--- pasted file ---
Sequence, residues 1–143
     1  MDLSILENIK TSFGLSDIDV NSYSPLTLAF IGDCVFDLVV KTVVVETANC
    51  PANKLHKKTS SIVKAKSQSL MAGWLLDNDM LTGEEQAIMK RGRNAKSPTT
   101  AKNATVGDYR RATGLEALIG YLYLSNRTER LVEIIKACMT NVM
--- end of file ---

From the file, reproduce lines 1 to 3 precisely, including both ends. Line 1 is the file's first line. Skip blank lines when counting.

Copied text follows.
Sequence, residues 1–143
     1  MDLSILENIK TSFGLSDIDV NSYSPLTLAF IGDCVFDLVV KTVVVETANC
    51  PANKLHKKTS SIVKAKSQSL MAGWLLDNDM LTGEEQAIMK RGRNAKSPTT